Should I start composting in 2023?
Should I Start Composting?
Last week I went to my fave plant shop with a friend. While we picked out the pretty foliage, my friend would not shut up about her tomatoes.
She loves eating tomatoes from her garden in the summer.
This year she's excited to show her boys her love of cherry tomatoes. She plants to get a bunch of cool varieties and try them out. Yellow and purple and orange and red. Sounds yummy. Seriously, she would not shut up about how satisfying it was to eat a tomato from her garden. The Part she was stoked on the most was that she didn't have to buy her compost because she used the compost from her food scraps last year!
I started my compost about a year ago and I'm on to my second bin— but I'm not at using it in the garden phase yet. How fun!
I wish I started my compost earlier at this house. I really wasted a lot of food. Oops. But at first, we couldn't find the right bin situation. Anyway. You're going to have your own compost situation soon. You don't need to hear about mine. Do I think you should start composting?
Yeah, probably. Let's taco bout it. 🌮
We're about to give you some overview information about composting. Who, How, When, Why. All the good stuff. Starting with who should compost.
Who should start composting?
At Earth to Daisy, we don't love to tell people what they should do. But if you're the one asking ... yeah!
Compost is nutrition-rich soil. It's great for the garden and great for the Earth. Composting your food scraps is a great way to get in touch with the earth. Get rid of some sustainability guilt by saving and returning your food scraps to the earth.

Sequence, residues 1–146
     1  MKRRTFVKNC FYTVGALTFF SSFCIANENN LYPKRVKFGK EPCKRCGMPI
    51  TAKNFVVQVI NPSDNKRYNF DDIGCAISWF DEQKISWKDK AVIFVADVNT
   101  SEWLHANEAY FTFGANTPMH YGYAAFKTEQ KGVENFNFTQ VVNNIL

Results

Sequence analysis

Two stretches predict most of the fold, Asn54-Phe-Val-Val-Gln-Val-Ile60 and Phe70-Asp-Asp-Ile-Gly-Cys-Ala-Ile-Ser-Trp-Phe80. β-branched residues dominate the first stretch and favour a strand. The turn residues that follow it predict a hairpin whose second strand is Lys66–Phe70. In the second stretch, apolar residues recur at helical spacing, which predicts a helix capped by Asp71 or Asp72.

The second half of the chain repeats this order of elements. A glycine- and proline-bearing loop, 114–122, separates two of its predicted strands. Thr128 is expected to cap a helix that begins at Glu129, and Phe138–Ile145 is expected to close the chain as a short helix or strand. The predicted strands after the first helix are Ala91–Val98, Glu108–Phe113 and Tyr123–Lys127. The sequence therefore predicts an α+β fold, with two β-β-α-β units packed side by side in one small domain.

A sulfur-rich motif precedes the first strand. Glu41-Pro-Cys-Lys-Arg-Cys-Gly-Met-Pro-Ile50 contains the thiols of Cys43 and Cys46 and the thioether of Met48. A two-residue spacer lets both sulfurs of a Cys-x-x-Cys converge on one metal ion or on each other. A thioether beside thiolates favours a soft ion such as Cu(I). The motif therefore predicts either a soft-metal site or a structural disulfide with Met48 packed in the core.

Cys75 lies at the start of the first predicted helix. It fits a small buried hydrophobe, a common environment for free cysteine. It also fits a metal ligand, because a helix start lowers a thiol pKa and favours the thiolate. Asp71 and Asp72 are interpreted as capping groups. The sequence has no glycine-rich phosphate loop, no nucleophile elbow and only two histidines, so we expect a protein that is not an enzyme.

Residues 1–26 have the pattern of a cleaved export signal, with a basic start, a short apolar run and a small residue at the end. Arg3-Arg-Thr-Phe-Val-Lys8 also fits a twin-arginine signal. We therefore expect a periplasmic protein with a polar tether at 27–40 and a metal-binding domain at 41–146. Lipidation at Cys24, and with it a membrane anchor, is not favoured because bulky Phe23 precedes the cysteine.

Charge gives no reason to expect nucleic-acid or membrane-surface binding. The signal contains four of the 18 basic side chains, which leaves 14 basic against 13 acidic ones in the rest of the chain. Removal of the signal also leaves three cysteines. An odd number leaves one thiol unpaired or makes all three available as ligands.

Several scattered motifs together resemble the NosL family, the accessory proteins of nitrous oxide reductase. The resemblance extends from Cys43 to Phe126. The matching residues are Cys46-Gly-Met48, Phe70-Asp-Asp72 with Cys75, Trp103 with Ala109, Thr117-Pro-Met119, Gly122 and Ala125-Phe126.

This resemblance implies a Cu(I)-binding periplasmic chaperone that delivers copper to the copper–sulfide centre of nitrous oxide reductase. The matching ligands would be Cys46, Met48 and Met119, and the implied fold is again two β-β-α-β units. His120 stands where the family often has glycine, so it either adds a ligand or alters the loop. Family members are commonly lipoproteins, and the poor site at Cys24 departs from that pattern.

Composting is as simple or as complicated as you'd like. It can be as easy tossing your food scraps in the same place each time. Or you can jump down the microscope and learn about what's in your soil food web.
If you've never saved your food scraps, the time to start is now. It's like the tree thing. We all should have started 20 years ago. But if we didn't? Let's start today.
How Should I Start Composting?
There are so many options for composting. It can be a bit daunting. We'll help you out.
We're going to answer a few questions about composting, like:
- What is composting?
- Why should I Start Composting?
- How does composting work?
- What is the best type of composting?
- What methods of composting are there?
- Which method of composting is right for me?
Here are 5 Key Benefits of Composting:
1. Composting is Good for the Environment—
Composting helps slow climate change by reducing greenhouse gas emissions from landfills. Preventing greenhouse gases from releasing into the atmosphere is the general goal. Organic waste left to decompose without oxygen (anaerobic digestion) produces methane. Methane is 21 times more potent than carbon dioxide as a greenhouse gas. But, aerobic composting processes break down organic waste with oxygen. This process produces carbon dioxide instead of methane. So by avoiding landfills, you can help protect our planet from damaging emissions!
2. Composting is Cost Effective –
Composting can save you money! Gardening supplies like fertilizer and potting soil cost money each season. Composting creates a natural fertilizer full of nutrients like nitrogen and phosphorus. This saves what you would spend on expensive chemical fertilizers. Composting benefits home gardeners and farmers by providing nutrients for a low cost.